Picasso’s most famous work is a propaganda piece. In his own words: “It isn’t meant to decorate a room. It is an instrument of defensive and offensive war…”
Guernica by Pablo Picasso (349 x 776cm), oil on canvas. Museo Nacional Centro de Arte Reina Sofía, Madrid (fair use low-resolution photo)
It was commissioned by the government of Spain for its pavillion at the World’s Fair of 1937. At the time, they were desperate. The military, led by General Franco, had revolted and were fast gaining control of the country.
Picasso started off sketching bulls and horses—two of his favorite subjects. In the bullfight the defenseless horse is a victim of the well-armed and aggressive bull. So the horse could be used to represent the people in a painting about a modern war, and the bull, the inhuman force of destruction.
In the bullfights of Picasso’s day, as in those of Goya, the picador’s horse had no protection.
A bullfight by Francisco de Goya (Wikipaintings file photo)
When the bull charged, the horse was gored and fell to its knees, its belly ripped open. Spectators, whose attention was fixed on the picador and his fate, ignored the horse’s suffering and followed the bull’s ravages as soon as it moved to another part of the ring. The dying horse, his neck lifting and coiling like a snake’s, lay on the ground in voiceless agony until a bullfighter, a specialist in giving the coup de grace, finished him with a dagger.
This callous use of the horse was without doubt the cruellest part of the corrida. Nowadays it is protected by a long, padded skirt that the bull’s horns can’t penetrate.
One of Picasso’s first sketches included a bull, a fallen horse, and a wounded picador;
and, for the first time, the image of a woman crying out to heaven, her dead child in her arms. A variation of the figure is exhibited in the Centro de Arte Reina Sofía, Madrid.
The Bombing of Gernika
He was working on those sketches for his commission from the Republican government when the news reached him that a Basque town called Gernika had been bombed by German and Italian planes under orders from Franco. Those planes dropped thousands of bombs on the town, apparently with no other aim than to terrorize the enemy. The casualties were all civilians.
Shocked and angry, Picasso started a huge mural and worked day and night on it until it was finished and on display in the Pavillion of the Spanish Republic just 24 days later.
The final version
His model and lover Dora Maar made photos of the work as it progressed. These show how Picasso changed and improved many of his first ideas. One of his first versions of the Guernica was this one:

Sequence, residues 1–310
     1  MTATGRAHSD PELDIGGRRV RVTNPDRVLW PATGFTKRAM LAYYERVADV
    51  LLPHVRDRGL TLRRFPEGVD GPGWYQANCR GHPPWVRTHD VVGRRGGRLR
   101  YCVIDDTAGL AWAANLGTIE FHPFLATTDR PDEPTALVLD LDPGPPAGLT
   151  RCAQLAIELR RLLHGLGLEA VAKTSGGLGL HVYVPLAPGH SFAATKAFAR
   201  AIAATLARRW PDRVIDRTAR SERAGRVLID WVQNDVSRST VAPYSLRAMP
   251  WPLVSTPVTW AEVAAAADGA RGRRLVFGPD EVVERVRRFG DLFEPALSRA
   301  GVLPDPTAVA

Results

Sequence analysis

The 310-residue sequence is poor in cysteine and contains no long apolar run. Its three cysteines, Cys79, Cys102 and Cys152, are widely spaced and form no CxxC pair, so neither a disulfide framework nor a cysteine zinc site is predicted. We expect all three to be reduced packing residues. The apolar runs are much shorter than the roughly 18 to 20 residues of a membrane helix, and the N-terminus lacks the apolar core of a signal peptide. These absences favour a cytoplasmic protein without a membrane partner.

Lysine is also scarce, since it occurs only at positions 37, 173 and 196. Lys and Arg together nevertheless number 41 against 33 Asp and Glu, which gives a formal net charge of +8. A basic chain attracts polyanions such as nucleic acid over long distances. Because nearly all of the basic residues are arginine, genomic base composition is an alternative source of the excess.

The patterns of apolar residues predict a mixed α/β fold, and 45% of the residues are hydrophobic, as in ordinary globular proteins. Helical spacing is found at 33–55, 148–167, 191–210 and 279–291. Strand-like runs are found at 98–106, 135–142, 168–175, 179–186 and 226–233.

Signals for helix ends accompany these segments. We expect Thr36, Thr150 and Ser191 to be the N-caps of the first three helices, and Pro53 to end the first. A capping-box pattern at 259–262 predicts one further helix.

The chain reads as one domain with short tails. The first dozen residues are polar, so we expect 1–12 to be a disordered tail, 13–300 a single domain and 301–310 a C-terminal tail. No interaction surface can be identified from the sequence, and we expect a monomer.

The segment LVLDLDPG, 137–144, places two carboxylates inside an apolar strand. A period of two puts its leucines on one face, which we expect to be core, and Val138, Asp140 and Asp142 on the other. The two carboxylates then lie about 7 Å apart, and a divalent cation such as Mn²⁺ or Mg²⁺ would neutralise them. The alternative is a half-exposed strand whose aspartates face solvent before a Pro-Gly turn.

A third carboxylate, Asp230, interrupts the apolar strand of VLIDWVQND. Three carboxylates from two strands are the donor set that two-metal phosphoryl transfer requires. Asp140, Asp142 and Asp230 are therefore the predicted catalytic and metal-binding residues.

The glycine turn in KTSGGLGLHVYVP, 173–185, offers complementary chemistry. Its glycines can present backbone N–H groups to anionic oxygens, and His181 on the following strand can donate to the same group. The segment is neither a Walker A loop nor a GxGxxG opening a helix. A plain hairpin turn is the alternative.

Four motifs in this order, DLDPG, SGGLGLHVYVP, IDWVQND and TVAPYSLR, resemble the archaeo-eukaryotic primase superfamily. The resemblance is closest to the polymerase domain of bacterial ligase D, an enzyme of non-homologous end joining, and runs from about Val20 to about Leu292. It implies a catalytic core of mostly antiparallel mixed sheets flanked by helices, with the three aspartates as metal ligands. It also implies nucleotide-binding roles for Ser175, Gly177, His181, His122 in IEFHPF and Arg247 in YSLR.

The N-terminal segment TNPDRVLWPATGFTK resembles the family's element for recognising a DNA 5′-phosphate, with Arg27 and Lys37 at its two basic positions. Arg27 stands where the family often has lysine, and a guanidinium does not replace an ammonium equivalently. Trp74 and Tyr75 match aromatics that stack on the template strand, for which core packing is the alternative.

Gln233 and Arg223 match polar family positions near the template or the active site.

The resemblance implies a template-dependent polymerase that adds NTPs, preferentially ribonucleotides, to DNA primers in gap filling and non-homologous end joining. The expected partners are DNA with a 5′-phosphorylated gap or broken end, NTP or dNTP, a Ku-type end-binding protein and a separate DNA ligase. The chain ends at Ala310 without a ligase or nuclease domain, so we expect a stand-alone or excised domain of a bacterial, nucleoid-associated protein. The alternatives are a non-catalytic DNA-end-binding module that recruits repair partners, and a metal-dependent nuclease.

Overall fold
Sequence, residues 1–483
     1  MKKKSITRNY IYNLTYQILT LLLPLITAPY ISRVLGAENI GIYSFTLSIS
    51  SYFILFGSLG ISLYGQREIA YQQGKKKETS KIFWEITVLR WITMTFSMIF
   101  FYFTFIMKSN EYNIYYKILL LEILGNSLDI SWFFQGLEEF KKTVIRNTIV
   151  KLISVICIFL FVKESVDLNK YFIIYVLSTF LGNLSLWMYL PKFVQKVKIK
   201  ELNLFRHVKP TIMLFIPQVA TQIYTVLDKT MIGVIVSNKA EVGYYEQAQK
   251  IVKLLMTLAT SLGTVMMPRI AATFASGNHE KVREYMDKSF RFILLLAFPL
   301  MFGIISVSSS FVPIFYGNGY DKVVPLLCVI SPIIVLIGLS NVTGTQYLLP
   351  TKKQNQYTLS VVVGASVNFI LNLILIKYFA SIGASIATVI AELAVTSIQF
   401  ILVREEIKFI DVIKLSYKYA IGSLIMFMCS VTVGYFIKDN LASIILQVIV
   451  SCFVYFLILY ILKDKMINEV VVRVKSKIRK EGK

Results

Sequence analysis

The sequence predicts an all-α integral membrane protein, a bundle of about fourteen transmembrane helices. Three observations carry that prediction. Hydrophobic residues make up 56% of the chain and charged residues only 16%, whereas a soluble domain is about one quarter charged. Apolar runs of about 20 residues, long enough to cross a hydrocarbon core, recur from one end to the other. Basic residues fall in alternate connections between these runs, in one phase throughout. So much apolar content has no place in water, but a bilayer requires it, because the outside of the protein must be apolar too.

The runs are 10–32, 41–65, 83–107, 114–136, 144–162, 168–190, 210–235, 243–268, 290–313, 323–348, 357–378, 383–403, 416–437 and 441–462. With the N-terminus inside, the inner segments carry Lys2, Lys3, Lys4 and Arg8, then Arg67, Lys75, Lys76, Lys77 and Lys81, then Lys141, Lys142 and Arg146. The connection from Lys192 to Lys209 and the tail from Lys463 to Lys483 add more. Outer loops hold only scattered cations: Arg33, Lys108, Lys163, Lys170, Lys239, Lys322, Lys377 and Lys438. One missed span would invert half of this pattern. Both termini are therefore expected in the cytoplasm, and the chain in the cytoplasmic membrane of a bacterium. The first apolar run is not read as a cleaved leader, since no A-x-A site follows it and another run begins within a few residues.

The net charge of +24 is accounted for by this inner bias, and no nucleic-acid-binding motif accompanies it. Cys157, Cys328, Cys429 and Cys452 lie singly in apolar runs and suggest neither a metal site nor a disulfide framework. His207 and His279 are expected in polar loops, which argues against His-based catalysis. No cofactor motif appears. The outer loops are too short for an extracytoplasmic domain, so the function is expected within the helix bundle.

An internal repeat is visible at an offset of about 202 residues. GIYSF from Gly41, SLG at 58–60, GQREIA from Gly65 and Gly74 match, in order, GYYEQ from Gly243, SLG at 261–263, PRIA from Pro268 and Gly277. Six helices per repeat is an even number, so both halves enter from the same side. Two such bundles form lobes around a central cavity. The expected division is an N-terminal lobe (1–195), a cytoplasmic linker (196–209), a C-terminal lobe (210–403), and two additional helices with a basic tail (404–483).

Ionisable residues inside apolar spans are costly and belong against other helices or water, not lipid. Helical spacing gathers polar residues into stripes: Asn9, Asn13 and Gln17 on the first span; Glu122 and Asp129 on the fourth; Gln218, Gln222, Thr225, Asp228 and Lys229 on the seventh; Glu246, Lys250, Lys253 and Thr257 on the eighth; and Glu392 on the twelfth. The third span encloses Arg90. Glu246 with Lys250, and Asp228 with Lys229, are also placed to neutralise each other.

The fallen horse is at the center of the composition but the foreground is now filled with the bodies of victims of the bombings. The bull stands triumphant, a kind of chariot wheel at his feet. To the center of the mural a shocked face brings a candle to light the scene and discover the horror. There are buildings in the background and a great fire on the right.
Every day Picasso made corrections and changed things until he satisfied himself with this, the last version:
The center of the mural is a triangle made up of the horse and two of the victims.
The horse, still kneeling, is transfixed by a spear. Its head is now lifted. It seems to cry out in agony, its tongue sustituted by a knife.
This painting is among the forty-five studies exhibited in the Reina Sofía Center:
To the left lies the body of a man, his arms outstretched, a broken sword in one of his hands. The bull has been moved to the side. Its ear has become a knife and a military insignia. The buildings in the background have disappeared: the scene now seems to take place in a dark cellar, lit only by a lamp with a single light bulb. Picasso retained the other light of the earlier version, now an oil lamp, held out by the shocked face. The fire on the right has become mere triangles of flame.
The distraught woman
The bewildered or suppliant woman of the other studies is now a great central figure–the other corner of the triangle.
Picasso made many drawings and paintings of distraught women for this mural and even continued with the subject after sending it off to Paris. Here are two others on display in Madrid:
The Guernica immediately became a Republican banner. It showed the horror of war and at the same time provoked indignation at the cruelty of the Fascists leaders. After the Fair was over the mural began a tour of Europe and America, where it was used to enlist support for the Spanish Republic.
Picasso kept on having ingenious ideas. For weeks he didn’t stop creating studies with the subject of war and the Guernica:
The Guernica surprised many of Picasso’s followers. Since his Cubist days he had kept emotion out of his art. His work experimented with form, not feeling. He had gotten rid of sentimentalism after the Pink and Blue paintings and for a while cultivated a cold intellectualism. But the Guernica and the paintings that followed it show a man as passionate as Goya.
Black Planes by Horacio Ferrer
Many other moving propaganda paintings were made at the time. This one by Horacio Ferrer was also chosen to be exhibited at the Spanish Republican pavillion in 1937 and it hung in one of the rooms beside the Guernica.
It is a masterpiece, full of wonderful gesture, portraits, and color. But the brilliance and fame of Picasso’s painting have relegated it to a sideroom in the Centro de Arte Reina Sofía.
All the pictures in this post, except that of the Guernica itself and the war ruins, are mine and were taken of works on exhibit at the Reina Sofía Museum of Madrid, which at least when I was there, allowed photos without flash. I did what I could with my simple camera. It wasn’t always easy: